It might sound strange to say the majority of home and business owners don’t check whether their policy insures their interest. In the everyday hustle and bustle of things, I think most people are prone to trusting those we delegate our duties to. In fact, most people who purchase insurance rely upon an agent, broker, lender, or the insurer itself to dictate how much insurance they should actually obtain.

Unfortunately, most people don’t realize it falls on the insured in most states to obtain the proper coverage in general. To start, any insured should review their policy and make sure that any policy purchased actually described the interest to be insured.

Sounds strange, but I have seen instances where an insured cannot recover after a loss because according to their policy the property wasn’t covered in the first place. A good example is when an insured purchases a property with individual separate units situated on the same policy where the addresses are numerically in succession and one unit is left unaccounted for (and therefore uninsured) when a new policy is issued. This can be devastating to the policyholder in the event of a disaster.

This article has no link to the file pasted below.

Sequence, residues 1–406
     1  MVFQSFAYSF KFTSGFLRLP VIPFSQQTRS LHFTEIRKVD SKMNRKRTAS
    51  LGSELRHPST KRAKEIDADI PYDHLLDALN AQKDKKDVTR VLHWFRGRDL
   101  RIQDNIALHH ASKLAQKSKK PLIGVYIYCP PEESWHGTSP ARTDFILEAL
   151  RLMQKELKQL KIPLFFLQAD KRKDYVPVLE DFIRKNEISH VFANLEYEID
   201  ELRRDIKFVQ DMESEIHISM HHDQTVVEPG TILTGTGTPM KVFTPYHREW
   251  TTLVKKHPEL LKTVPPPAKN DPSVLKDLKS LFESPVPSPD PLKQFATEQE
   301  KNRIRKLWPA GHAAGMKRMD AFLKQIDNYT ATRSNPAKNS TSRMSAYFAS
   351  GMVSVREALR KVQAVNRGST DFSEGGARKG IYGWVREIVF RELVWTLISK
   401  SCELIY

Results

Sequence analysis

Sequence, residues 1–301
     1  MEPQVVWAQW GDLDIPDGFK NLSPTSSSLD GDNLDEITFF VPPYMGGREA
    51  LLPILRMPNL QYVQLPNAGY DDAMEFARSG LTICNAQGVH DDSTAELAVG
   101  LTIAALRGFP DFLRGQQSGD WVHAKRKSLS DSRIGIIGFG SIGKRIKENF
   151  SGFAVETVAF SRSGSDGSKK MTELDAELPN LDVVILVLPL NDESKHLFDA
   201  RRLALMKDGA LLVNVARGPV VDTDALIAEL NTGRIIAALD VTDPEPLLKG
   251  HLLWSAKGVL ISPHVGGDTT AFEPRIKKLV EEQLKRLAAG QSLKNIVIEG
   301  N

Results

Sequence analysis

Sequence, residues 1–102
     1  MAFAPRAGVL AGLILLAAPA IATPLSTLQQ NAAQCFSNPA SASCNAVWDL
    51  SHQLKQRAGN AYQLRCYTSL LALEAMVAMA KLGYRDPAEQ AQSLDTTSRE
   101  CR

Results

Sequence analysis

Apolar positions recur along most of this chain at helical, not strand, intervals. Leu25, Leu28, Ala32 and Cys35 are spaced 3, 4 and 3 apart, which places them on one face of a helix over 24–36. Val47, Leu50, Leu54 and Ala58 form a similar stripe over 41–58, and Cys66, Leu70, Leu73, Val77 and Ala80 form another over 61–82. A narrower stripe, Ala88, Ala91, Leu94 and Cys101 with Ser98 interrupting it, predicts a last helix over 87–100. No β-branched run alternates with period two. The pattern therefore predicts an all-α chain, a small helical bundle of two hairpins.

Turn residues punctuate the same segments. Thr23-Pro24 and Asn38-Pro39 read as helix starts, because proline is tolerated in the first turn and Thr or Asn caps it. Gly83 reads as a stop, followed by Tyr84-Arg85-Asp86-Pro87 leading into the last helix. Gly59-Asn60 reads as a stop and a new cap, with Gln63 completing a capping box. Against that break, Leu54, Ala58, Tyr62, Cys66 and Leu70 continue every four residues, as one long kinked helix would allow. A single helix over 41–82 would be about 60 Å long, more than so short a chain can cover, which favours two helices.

Another example would be if a property owner purchases a property that has two separate and distinct dwellings on one parcel. If the owner lives in one unit and rents out another, the property owner better make sure that his or her policy allows renters in the second dwelling.

California Insurance Code §§280 and 287 say that an insurance policy is void unless the insured has an insurable interest in the subject of the insurance. Although the property owner may have an insurable interest, checking the policy to verify the property is properly described (address and dwelling specifics) and that the contingencies which may occur, such as renters or liability for guests, falls on the insured to purchase and make sure its outlined in the policy. Taking a glance and understanding what is covered under an insurance policy can prevent headache down the line and head off any problems if a loss were to occur.